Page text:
Wellbeing: the five essential elements by Tom Rath & Jim Harter. Gallup Press, New York, 2010. Reviewed by William Sheridan.
Let me start by saying that my own wellbeing is VERY high. How do I know this? Many years ago I read both “The Guide to Rational Living in an Irrational World” by Ellis and Harper, and “You’re the Expert ” by Gerald I. Nierenberg, each of which describes and explains how to achieve wellbeing – I have been practicing their good advice ever since.
This book is based on extensive research and analysis of Gallup polling data, from which five clusters of factors emerged – wellbeing is based on a balance of all five. Those wellbeing factors are Career, Relationships, Finances, Health, and Community Involvement. I certainly agree that all these factors are important. There is also available an online wellbeing assessment that is accessible through a unique code from each copy of the book. I took the assessment and received my summary results.
Did the authors get it right? Yes, as a matter of fact, they did! My “Wellbeing Index,” based on the answers to multiple questions that were provided and that I answered honestly and to the best of my ability was 93%! I was therefore rated as “Thriving,” an achievement that only 7% of the tested population accomplished – and this scoring system is claimed to be based on 98% of the population of the entire planet!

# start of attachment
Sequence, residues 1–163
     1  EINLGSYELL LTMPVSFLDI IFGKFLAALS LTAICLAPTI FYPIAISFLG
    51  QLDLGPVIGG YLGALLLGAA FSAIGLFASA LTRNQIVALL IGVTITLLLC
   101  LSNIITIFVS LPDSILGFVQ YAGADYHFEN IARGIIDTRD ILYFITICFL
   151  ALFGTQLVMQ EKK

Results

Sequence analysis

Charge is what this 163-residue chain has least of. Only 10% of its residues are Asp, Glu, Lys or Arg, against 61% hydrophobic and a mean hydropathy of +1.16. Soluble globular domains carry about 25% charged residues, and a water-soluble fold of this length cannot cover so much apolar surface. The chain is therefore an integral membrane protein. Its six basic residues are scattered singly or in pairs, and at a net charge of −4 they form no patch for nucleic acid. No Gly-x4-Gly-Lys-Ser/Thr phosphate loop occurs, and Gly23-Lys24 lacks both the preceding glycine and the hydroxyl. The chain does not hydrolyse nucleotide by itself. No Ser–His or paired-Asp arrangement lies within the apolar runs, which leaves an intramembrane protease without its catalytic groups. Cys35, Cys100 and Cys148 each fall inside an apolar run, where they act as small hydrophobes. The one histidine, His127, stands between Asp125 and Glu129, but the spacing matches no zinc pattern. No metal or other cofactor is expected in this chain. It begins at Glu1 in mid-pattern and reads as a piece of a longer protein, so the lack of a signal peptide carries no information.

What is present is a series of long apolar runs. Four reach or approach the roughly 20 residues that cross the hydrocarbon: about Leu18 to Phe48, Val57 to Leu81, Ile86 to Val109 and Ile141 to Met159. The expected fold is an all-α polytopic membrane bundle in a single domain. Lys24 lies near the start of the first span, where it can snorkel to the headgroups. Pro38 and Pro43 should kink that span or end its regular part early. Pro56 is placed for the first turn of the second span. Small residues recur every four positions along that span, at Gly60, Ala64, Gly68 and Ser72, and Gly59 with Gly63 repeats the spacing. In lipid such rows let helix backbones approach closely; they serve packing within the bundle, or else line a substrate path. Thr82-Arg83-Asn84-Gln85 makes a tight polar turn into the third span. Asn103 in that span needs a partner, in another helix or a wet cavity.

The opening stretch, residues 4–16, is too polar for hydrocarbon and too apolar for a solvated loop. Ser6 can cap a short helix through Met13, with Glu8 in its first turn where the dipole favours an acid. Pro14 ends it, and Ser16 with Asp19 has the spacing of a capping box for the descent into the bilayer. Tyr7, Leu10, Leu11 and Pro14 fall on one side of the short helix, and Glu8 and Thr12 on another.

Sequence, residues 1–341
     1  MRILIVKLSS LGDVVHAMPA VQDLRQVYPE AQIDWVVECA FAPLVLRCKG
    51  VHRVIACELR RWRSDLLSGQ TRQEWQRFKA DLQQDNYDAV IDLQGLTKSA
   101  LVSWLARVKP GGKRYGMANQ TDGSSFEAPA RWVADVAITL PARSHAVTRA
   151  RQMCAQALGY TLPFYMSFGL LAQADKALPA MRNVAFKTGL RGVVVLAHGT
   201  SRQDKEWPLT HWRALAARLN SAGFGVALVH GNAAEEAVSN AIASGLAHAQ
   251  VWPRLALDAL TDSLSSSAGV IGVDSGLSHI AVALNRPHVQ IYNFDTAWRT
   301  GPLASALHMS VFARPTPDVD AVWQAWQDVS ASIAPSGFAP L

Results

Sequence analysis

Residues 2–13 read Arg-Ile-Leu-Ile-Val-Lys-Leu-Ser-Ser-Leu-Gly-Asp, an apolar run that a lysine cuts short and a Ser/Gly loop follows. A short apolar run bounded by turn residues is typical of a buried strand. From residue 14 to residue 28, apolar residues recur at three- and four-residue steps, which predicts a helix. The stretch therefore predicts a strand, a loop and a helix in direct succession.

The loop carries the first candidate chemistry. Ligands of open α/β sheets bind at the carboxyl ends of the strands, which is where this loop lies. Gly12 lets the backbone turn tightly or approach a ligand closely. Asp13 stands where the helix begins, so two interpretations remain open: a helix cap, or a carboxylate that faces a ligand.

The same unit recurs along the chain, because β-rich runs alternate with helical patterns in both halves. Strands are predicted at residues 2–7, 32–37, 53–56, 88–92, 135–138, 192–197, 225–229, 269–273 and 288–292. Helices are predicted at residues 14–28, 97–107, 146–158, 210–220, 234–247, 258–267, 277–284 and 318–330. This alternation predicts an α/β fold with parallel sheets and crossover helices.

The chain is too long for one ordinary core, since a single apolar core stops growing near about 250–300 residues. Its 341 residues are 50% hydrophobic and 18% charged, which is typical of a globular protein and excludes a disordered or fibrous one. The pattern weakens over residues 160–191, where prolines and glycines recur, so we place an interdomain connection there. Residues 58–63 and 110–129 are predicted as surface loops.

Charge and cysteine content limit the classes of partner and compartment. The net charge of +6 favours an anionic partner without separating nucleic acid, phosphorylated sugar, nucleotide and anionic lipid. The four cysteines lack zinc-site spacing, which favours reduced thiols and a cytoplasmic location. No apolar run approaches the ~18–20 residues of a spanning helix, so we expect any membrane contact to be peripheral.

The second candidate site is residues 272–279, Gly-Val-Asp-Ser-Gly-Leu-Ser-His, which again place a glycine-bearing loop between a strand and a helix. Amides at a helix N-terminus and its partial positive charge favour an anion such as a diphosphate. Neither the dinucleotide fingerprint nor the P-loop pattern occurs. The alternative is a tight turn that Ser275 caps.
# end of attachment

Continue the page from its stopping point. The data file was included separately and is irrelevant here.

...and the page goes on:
All of this was done after I read ONLY the 8-page introduction – I didn’t want to take the chance that reading the remainder of the book would prep me to skew my answers to try and conform to some stereotype that the authors had identified. But with my wellbeing results determined, I was ready to read the remainder of the book. Although the discussion of the wellbeing elements is good, based on my own experience, something was missing, namely the role of learning – since I previously learned the basis and practice of wellbeing, I don’t fit the “typical person profile,” as my results showed. I have also learned NOT to worry about many of the things many other people seem prone to worry about. Lastly, the assessment of some of my factors did NOT take into account that I view these things strategically, and regard any departures from “best practices” as temporary while I invest in my human capital to improve my prospects in the long run. On that basis I would rate my wellbeing index at 99%!
For any readers whose ratings from the online assessment are not in the “thriving” category, this book will point the way to developing habits that can improve their wellbeing. The challenge will be to commit to a plan of implementation, with continual refinements for fine-tuning, and occasional re-assessments on the Wellbeing Tracker to chart their progress. My own recommendation: at any particular point, do the best you can, and don’t “worry” about your own shortcomings – worry can lead to depression, and it doesn’t help – incremental change does help!
William Sheridan is an Advisor on Knowledge Management, and the author of HOW TO THINK LIKE A KNOWLEDGE WORKER and HOW TO GET RESULTS IN KNOWLEDGE WORK. His personal project consists of practicing the elements of wellbeing so as to assure his present and future prospects.